- Restricted stock: The value of the stock grant (less the cost basis) is treated as compensation and is subject to ordinary income and payroll taxes—but timing matters. You’re allowed to make a so-called section 83(b) election within 30 days of the grant. This notifies the IRS that income tax on the stock should be assessed based on the valuation at the grant date (rather than later, when it vests). Why would you do this? Once you pay taxes based on the stock’s value at the time of the grant, any future gains in the stock’s price will be treated as long- or short-term capital gains, depending on the holding period. If you wait until the restricted stock vests to pay taxes, and the stock’s price rises, you could end up with a bigger tax bill. Of course, there’s also the risk that the stock’s price will fall after the grant or if you leave your company before the stock vests, in which case you would have paid more tax than you needed to. The taxes you paid aren’t refundable.
- RSUs: With RSUs, no shares are issued until shortly after vesting. At that time, the stock’s value (less the cost basis) is treated as compensation and is subject to ordinary income and payroll taxes. Any gain after the vesting period is treated as a capital gain.
Additional tax considerations
Most employers will withhold some portion of the value of your equity compensation from your paycheck. However, that withholding will essentially be an estimate of your actual tax liability and may not be enough. You could still end up owing more when you file.
It’s also worth reiterating that once you take possession of any shares, capital gains tax (long or short term, depending on the holding period) will generally apply should you end up selling those shares at a higher price.
Finally, because the tax implications of equity compensation can be complex, it’s worthwhile to consult a tax professional.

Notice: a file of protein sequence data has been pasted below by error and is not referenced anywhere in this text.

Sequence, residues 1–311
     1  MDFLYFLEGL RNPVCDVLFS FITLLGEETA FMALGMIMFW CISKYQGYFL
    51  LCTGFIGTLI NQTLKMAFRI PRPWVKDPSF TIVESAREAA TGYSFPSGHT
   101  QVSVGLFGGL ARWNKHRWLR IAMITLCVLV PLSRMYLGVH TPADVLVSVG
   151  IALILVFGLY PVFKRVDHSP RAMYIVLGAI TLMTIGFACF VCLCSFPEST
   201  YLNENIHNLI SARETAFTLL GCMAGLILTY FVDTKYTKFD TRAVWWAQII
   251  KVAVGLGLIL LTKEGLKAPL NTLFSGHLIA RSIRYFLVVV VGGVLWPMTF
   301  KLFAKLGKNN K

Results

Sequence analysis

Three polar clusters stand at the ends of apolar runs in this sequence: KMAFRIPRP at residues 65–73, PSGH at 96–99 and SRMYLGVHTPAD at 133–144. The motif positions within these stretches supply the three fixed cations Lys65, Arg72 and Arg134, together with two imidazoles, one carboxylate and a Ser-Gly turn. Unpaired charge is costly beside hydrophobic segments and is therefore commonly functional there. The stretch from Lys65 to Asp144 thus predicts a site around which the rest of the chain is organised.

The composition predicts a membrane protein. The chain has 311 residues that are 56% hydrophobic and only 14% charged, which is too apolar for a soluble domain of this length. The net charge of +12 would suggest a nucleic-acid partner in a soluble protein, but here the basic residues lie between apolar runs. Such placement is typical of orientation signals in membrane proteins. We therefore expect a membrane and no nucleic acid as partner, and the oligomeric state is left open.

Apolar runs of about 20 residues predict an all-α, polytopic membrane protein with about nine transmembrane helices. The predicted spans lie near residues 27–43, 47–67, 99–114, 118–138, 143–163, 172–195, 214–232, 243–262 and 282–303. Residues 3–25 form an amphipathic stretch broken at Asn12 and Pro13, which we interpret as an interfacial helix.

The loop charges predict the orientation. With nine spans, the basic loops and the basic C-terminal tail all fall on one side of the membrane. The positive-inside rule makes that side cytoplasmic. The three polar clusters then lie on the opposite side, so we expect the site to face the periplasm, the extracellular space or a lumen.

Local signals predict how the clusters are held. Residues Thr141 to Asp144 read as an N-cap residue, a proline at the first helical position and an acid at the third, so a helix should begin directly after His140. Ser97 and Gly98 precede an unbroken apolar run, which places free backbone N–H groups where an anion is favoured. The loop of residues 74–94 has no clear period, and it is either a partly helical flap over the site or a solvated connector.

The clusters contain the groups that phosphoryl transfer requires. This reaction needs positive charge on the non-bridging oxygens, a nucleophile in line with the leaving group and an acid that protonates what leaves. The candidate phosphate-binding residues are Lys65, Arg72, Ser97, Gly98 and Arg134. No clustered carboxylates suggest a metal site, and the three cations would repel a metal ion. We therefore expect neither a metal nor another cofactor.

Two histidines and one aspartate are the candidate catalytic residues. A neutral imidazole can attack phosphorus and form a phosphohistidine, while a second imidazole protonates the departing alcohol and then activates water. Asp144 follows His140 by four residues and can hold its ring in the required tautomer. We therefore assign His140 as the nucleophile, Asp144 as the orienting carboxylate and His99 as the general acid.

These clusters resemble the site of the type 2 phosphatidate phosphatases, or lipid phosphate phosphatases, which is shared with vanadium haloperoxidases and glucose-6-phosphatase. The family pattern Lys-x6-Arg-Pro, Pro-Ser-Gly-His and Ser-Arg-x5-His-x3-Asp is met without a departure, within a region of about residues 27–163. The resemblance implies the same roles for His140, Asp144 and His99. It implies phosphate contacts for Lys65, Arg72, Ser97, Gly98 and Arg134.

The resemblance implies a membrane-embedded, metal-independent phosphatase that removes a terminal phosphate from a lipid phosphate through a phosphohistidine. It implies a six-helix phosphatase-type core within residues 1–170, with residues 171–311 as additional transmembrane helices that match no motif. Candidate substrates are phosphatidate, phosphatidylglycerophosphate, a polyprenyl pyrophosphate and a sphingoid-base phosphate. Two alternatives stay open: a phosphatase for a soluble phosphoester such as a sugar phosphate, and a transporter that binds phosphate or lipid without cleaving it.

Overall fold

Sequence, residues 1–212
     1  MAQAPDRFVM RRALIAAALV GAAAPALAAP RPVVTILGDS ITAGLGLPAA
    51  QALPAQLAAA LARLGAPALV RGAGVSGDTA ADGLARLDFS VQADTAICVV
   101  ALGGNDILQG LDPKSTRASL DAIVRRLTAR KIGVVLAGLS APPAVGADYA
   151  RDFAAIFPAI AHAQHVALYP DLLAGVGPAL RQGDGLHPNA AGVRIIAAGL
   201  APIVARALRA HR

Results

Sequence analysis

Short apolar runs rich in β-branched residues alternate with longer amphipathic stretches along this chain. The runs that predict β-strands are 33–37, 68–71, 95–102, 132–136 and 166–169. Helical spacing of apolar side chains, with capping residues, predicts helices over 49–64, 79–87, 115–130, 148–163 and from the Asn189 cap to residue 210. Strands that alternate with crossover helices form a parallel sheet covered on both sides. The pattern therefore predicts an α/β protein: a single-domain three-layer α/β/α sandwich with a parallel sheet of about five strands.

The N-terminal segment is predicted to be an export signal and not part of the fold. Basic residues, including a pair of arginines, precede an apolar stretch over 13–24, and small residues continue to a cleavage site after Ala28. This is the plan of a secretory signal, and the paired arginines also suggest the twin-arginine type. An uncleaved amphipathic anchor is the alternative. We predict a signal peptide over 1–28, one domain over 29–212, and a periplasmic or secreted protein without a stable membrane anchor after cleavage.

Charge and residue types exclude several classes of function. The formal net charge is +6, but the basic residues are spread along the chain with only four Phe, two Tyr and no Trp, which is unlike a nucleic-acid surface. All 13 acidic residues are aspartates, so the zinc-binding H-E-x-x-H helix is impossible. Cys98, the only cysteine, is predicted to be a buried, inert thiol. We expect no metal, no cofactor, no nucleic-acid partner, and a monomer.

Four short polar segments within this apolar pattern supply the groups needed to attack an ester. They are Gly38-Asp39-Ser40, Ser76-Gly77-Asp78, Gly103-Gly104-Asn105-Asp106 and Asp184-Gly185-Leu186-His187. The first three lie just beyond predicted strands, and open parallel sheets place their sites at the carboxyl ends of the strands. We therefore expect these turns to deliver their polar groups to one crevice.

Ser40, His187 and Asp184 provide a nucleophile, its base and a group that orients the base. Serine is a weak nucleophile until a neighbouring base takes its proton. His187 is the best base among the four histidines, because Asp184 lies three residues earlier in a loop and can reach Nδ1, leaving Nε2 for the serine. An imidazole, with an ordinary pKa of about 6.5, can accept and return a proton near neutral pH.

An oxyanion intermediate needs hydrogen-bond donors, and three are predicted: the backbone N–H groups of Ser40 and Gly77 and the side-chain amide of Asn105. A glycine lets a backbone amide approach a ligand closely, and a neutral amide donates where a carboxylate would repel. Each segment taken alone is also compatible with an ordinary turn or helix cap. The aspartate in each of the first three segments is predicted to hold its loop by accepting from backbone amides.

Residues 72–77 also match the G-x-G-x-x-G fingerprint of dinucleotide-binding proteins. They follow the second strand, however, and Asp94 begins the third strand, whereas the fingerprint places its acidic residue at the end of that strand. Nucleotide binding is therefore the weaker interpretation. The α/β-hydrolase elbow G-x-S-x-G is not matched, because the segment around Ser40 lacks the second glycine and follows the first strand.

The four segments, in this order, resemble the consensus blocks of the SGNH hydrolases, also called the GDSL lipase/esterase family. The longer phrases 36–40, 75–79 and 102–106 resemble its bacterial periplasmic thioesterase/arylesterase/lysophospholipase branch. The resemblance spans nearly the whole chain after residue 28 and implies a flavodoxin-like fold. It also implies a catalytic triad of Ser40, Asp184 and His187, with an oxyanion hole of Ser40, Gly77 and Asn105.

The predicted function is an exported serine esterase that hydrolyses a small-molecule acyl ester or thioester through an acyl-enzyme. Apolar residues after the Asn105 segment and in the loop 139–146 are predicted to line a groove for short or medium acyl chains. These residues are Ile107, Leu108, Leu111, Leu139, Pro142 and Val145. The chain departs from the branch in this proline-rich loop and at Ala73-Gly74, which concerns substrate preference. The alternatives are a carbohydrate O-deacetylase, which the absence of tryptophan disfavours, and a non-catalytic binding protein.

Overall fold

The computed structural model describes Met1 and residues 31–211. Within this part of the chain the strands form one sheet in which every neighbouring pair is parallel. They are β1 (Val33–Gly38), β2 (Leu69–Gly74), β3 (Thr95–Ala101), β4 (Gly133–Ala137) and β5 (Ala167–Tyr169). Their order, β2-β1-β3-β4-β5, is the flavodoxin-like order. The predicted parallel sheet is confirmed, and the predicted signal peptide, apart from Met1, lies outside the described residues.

What’s it worth?
Knowing what you’ve got and how it will be taxed will help you determine how to make the most of your equity compensation.
“When dealing with restricted stock, the current fair market value of the restricted shares is a good estimate of the value,” Chris says. “For ISOs or NQSOs, you can calculate their value based on the spread, using the current stock price and your exercise price.”
For example, say you have an NQSO for 10,000 shares with an exercise price of $10 that is 100% vested. If the stock is trading at $20, and you have to pay a combined 40% in taxes (federal/state/FICA), that would leave you with a value of $6 per share (or $60,000 for those 10,000 shares).
This is based on a relatively simple calculation. Your situation may be different, so consult with a tax professional or financial advisor for additional help.
It’s important to be aware of the risk of overexposure when managing company equity. Typically, the stock of a single company should account for no more than 10% to 20% of your total portfolio. “Holding stock in the company you work for is uniquely risky as it may likely be down in price at a time when your job itself may be most at risk,” Chris cautions.
It’s possible you could have more, depending on considerations such as your role in the company, selling restrictions, vesting schedule, and your other portfolio holdings. If you’re in this position, you may want to discuss how to manage your risk and ensure your portfolio is properly diversified with your financial advisor.
Equity compensation, in any form, is a potential way to participate in your employer’s success. But like any other security, it must be carefully managed to keep with your long-term goals and financial plan.